As you start up your business you may find people asking you “What is your business model?”. A business model is the approach you will choose to follow to achieve your business goals.
An even simpler way of thinking about it is that a business model is a description of how you will make money.
Working out your business model is an important step for any business. As your business is not fully up and running, much of the information you use to work out your business model will be based on assumptions i.e. you don’t really know at this stage, there is a bit of guesswork involved. But a business model will provide a framework for you to test your assumptions, benchmark against other available information and get feedback from other business owners, potential customers or experts.
In its simplest form, a business model can be broken into three parts:
What it takes to make something: design, raw materials, manufacturing, staff, etc.
What it takes to sell that thing: marketing, distribution, delivering a product/service, processing the sale
What and how the customer pays: pricing, payment methods, payment timing, etc.
If you are making more money from your customers than it costs you to make your products/services, you have a successful business model.
Your business model should also include details of the market your business will operate in, in particular the total size of that market and the proportion you believe your business can capture. For example, the market size might be £100m and you think you can capture 1% of that market within five years, meaning that you would have a turnover of £1m in year five.
Once the market figure and projected income is established (and remember, this is simply a forecast based on information you know right now), your business model will then show how your business plans to capture the identified portion of the market (e.g. how you will get to £1m turnover in your fifth year of trading).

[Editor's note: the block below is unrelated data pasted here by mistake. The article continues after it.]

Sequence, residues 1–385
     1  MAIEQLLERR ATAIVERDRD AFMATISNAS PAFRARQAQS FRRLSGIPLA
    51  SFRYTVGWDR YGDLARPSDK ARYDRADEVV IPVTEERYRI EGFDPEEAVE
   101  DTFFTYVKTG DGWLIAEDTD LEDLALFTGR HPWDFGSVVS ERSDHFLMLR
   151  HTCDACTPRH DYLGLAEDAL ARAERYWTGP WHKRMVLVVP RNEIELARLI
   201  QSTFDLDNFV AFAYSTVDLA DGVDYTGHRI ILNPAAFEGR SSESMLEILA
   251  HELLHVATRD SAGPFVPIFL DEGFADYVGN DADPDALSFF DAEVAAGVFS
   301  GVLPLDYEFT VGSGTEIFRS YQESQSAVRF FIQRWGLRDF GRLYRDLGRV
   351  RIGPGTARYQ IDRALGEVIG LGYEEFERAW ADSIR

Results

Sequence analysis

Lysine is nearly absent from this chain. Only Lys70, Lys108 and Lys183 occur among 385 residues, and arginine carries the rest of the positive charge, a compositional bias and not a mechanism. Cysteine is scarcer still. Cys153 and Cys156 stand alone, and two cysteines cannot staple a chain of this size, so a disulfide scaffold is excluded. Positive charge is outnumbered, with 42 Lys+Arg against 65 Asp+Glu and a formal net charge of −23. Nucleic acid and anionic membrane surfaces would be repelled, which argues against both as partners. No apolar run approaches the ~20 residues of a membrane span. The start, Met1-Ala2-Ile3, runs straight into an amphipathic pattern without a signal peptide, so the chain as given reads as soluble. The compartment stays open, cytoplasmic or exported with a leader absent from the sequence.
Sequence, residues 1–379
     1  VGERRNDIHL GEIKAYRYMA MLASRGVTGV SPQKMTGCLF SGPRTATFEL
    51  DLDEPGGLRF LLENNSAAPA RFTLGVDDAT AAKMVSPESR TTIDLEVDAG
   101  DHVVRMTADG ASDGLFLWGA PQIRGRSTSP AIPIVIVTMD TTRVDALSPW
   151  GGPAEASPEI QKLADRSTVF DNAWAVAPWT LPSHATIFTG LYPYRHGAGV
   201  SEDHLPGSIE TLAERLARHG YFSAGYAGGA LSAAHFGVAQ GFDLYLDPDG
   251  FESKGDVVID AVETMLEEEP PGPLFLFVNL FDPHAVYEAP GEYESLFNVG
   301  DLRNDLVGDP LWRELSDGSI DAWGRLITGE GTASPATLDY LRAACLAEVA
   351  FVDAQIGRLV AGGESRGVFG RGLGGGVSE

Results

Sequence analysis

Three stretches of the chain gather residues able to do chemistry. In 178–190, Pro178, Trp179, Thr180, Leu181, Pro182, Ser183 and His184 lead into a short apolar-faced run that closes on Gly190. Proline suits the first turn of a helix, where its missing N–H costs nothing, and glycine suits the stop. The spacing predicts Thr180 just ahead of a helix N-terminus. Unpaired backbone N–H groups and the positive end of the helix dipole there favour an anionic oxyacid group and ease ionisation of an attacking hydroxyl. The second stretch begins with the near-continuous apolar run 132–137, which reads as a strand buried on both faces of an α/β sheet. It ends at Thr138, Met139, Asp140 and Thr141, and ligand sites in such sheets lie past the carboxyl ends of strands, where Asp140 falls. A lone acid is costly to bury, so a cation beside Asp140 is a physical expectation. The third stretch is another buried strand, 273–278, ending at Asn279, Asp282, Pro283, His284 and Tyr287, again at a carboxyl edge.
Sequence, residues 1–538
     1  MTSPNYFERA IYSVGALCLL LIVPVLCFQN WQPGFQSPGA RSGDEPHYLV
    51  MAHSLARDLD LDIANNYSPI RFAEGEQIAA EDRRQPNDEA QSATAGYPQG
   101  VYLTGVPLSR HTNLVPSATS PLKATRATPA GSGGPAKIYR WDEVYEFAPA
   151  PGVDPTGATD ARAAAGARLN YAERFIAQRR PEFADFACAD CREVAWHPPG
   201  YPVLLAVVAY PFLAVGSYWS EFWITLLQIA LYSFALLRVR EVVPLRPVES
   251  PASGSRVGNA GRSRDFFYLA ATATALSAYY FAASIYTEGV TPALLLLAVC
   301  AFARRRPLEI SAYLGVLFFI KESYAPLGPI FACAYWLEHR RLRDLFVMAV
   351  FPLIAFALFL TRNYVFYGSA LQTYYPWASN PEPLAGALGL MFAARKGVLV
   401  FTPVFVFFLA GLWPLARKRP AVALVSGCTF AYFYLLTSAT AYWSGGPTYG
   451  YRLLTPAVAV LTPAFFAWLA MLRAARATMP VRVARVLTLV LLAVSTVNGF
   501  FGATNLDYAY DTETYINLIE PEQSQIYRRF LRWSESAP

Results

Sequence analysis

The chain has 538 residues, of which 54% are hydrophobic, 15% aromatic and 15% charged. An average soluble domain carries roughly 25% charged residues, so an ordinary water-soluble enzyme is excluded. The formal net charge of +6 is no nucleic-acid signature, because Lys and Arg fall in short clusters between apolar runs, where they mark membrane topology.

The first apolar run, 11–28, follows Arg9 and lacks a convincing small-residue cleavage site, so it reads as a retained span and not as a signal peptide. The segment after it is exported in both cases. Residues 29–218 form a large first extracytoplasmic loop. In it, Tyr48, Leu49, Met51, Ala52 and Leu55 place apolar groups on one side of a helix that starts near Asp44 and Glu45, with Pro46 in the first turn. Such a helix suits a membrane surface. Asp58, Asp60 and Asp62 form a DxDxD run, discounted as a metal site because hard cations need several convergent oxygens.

Do this by working out your projected costs and how you will sell your product/service e.g. online or via shops. Explain what sets your business apart from competitors or where you have identified a market gap. All of this will help justify the price you charge customers. Then add in all your projected costs and finally work out the amount of profit you will make. That’s your business model.
Gather in as much information as you can to help develop your business model, for example statistics on the market, competitor approaches and customer research. Your own experience and expertise may be valuable but above all ensure that you test your assumptions with others such as potential customers, industry experts and investors. It’s often easy to assume that you know what customers want…and quite often you can be completely wrong! Test, test and test again. That’s really what business modelling is all about – testing.
A small pilot can be a really useful way to show the demand for your business idea and to test your approach and assumptions before deciding on a final business model and launching your business.
Business models can be generic or they can align to specific areas such as sales, service, franchising, manufacturing or e-commerce. Some other terms you might hear are subscription model, freemium model, marketplace model, franchise model, pay-as-you go model, razor and blade model. For example, Netflix is a subscription model, eBay is a marketplace model and McDonalds is a franchise model. Look around at products and services that you already use and see if you can work out what business model they use. This may help you to understand business models more and work out what model is right for your business.
If you have not worked with business models before, the range of models to choose from can seem a bit daunting. But remember that business models can change and be refined as your business grows and changes. So start by picking the model that you think helps you to set out your target market and the process by which you will make money now. Once you have the initial details of your business model set out, it is easier to refine, adapt and adjust later, ensuring that your business gets off to the best start.